Boeing’s 737 MAX aircraft can’t seem to have enough of the trouble. After being grounded on March 13, 2019, the airframe maker shut down the 737 assembly line, only the second time in its long history, as assembled aircraft piled up across all of Boeing facilities in Washington state. Not just that, Boeing supplier Spirit AeroSystems too had about 100 fuselages piling up at their end.
While the last update we received was expecting the aircraft to fly in the first quarter of 2020, which was a jump from sometime late 2019, Boeing has now issued official guidance, postponing the entry of the aircraft to mid-2020. As per the Boeing statement,
We are informing our customers and suppliers that we are currently estimating that the ungrounding of the 737 MAX will begin during mid-2020. This updated estimate is informed by our experience to date with the certification process. It is subject to our ongoing attempts to address known schedule risks and further developments that may arise in connection with the certification process. It also accounts for the rigorous scrutiny that regulatory authorities are rightly applying at every step of their review of the 737 MAX’s flight control system and the Joint Operations Evaluation Board process which determines pilot training requirements.
There are many hurdles still to cross with the Boeing 737 MAX. Here are a few that come to mind:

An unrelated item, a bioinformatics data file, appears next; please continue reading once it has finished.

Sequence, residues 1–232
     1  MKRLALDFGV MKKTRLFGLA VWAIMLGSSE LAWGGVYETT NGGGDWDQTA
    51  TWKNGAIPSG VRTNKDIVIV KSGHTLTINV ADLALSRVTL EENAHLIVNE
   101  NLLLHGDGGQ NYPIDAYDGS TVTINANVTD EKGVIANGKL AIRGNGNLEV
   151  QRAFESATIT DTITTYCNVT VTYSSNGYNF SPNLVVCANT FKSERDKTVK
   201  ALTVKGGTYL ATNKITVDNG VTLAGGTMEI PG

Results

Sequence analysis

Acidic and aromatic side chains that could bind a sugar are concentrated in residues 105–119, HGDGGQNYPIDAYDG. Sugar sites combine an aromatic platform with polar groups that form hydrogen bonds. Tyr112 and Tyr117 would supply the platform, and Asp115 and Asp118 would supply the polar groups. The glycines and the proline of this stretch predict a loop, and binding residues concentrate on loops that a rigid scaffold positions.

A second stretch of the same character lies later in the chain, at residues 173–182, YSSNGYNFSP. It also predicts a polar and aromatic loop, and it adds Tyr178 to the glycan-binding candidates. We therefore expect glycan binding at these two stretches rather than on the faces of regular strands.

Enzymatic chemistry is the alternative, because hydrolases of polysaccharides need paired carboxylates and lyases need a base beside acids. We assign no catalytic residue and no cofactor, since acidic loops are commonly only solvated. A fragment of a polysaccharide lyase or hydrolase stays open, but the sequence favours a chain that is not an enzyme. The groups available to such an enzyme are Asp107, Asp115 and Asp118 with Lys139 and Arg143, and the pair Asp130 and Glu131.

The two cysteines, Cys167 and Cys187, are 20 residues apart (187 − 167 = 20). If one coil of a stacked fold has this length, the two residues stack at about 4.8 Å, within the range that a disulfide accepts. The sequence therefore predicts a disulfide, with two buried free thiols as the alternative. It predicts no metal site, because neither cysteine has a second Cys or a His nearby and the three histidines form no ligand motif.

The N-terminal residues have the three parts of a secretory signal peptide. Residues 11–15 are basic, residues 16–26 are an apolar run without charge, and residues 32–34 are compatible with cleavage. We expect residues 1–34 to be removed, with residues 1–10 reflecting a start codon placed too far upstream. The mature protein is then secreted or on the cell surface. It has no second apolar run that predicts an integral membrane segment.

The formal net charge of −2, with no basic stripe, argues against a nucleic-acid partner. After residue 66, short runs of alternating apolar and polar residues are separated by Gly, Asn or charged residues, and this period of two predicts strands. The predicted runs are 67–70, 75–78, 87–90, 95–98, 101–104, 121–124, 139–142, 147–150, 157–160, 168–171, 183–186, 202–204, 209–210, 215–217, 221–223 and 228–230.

- The proving/certification flights have not been conducted yet for the aircraft. Once the FAA approves the plane, other regulators will take their own time to reassess and recertify the aircraft.
- Boeing is now recommending simulator training for the pilots before they become certified for the 737 MAX. Not enough simulators are going around. The only one in Asia, for instance, was at the Boeing Training Facility in Singapore last I knew of. Airlines might own some, I know of Southwest, American Airlines and United owning a few.
- Putting mandatory Sim training would mean even after the aircraft is approved for entry into service, pilots would have to be recertified before they are authorised to operate the aircraft.
Just a few days ago, the US operators of the aircraft, including American, United and Southwest, had moved their MAX schedules to June, and it seems they will have to do so again. In the meanwhile, back home in India, SpiceJet will also have to plan for a stunted growth as they have 13 aircraft which are not flying at the moment. SpiceJet has about another 180 or so on order not delivered to them.
That should mean even if the plane came through in June 2020, the Indian airline will still have to wait till August or September, or perhaps even later, to have their aircraft and pilots ready to induct the jet back into their fleet. The big if is the schedule of the plane gaining approval again.